Walmart is one of the retailers beginning to experience value from that partnership. The company recently completed a pilot of the Crime
Accountability Partnership Program at select stores and plans to expand it to more than 500 stores over the next few months. Pilot stores have reduced recidivism, saved man hours processing offenders, and “dramatically improved” their relationship with local law enforcement, according to Paul Jaeckle (shown at right), the company’s senior director for asset protection. But it has not meant letting offenders off the hook. “Law enforcement is not the only way to hold people accountable,” said Jaeckle. Educating first offenders, changing their behavior, and deterring future crime “is another way to gain control.”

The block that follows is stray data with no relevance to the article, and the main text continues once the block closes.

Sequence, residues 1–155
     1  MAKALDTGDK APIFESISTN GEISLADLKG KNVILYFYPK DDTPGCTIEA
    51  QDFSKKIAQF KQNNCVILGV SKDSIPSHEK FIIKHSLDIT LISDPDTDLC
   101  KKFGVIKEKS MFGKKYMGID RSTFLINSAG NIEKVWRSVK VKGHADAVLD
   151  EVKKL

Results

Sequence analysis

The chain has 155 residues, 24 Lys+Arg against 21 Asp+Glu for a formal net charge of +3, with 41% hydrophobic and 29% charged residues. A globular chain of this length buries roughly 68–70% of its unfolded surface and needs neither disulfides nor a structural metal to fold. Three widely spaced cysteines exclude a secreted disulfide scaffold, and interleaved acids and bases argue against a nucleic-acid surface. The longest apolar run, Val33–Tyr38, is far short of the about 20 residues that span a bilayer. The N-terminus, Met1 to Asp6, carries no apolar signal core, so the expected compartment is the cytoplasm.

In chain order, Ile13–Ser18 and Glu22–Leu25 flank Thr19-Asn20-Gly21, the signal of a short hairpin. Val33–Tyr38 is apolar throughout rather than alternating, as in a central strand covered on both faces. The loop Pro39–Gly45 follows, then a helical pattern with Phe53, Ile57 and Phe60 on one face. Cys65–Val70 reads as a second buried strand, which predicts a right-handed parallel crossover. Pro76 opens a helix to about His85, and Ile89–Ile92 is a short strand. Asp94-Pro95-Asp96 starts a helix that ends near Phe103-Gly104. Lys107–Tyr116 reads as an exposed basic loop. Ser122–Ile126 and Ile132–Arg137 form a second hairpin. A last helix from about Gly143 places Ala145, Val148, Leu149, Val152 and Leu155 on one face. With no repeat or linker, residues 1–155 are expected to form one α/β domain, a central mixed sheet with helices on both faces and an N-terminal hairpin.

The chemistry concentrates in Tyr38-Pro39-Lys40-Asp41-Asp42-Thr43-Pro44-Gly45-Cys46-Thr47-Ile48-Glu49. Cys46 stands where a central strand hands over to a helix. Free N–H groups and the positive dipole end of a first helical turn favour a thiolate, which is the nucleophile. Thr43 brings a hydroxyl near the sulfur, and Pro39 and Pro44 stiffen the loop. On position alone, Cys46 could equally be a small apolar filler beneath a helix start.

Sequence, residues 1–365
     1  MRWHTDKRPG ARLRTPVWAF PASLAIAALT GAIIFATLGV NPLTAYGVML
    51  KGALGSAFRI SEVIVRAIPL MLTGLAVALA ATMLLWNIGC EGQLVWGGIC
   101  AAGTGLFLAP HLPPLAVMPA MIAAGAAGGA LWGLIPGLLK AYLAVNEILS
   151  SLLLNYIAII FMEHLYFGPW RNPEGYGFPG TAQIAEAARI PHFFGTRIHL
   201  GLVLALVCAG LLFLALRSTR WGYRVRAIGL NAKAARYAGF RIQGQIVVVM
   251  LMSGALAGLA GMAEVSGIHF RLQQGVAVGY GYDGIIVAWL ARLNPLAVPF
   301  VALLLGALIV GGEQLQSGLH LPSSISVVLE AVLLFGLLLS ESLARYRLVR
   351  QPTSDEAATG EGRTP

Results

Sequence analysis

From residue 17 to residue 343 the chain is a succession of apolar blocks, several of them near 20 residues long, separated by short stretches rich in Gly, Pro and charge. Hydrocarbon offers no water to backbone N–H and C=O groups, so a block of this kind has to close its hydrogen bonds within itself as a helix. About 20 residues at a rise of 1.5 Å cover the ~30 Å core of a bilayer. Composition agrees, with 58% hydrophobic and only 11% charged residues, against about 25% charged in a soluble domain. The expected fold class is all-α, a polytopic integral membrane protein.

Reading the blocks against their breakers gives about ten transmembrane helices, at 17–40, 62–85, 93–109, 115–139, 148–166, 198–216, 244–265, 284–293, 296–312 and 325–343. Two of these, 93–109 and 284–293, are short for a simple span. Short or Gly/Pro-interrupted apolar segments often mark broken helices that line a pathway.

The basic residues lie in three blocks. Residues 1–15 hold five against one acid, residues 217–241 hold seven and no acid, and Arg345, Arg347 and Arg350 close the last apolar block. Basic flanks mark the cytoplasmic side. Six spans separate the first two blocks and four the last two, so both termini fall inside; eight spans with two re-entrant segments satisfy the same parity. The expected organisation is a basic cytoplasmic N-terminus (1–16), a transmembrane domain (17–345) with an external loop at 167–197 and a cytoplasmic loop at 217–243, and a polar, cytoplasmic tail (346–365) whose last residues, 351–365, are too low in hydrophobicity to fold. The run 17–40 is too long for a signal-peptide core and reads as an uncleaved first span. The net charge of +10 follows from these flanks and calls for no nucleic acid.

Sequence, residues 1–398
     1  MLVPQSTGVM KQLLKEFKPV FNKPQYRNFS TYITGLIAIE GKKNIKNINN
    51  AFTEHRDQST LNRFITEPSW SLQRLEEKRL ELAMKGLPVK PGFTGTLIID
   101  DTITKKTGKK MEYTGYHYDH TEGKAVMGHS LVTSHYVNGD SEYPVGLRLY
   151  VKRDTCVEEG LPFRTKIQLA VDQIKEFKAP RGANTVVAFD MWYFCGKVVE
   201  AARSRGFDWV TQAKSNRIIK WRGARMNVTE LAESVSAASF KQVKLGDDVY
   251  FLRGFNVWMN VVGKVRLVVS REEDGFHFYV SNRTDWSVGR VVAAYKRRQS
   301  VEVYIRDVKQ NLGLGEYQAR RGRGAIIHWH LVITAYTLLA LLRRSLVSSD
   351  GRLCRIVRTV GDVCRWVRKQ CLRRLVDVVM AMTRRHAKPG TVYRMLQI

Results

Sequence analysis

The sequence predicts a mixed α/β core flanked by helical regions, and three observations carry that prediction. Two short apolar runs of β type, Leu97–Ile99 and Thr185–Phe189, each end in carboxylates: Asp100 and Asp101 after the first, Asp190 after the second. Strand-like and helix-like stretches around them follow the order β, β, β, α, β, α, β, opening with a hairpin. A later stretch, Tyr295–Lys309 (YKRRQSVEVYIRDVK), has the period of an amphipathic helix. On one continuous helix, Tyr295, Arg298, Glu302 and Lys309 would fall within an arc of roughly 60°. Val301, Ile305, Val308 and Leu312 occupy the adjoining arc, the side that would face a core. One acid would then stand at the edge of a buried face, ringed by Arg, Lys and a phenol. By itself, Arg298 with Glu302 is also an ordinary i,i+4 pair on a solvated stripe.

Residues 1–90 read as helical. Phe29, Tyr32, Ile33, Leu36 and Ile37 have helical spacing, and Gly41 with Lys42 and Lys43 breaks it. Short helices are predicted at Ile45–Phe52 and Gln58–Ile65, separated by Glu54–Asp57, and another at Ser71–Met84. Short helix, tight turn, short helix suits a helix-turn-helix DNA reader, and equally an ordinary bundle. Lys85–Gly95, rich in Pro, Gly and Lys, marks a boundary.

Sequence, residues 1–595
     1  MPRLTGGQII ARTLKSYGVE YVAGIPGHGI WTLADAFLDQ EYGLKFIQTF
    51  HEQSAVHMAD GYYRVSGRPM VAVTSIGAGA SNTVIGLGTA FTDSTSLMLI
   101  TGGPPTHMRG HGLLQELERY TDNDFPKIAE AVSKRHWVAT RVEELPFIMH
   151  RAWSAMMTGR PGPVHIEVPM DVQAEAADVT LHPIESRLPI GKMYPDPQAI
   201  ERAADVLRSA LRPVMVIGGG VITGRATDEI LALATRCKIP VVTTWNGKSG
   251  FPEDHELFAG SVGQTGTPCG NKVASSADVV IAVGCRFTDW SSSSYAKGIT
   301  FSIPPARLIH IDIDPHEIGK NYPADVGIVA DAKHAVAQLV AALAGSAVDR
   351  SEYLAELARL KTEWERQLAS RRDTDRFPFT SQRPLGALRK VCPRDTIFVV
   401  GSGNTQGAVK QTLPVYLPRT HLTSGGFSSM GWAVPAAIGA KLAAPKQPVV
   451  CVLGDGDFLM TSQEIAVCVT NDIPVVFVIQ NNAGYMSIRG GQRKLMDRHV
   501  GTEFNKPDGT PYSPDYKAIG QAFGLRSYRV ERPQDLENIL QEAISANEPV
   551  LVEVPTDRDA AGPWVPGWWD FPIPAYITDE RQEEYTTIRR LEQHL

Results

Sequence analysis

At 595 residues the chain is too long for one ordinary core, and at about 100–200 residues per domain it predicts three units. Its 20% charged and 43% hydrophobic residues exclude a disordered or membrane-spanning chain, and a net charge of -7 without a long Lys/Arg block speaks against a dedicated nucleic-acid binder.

Read Part 1 or Part 3 of this article.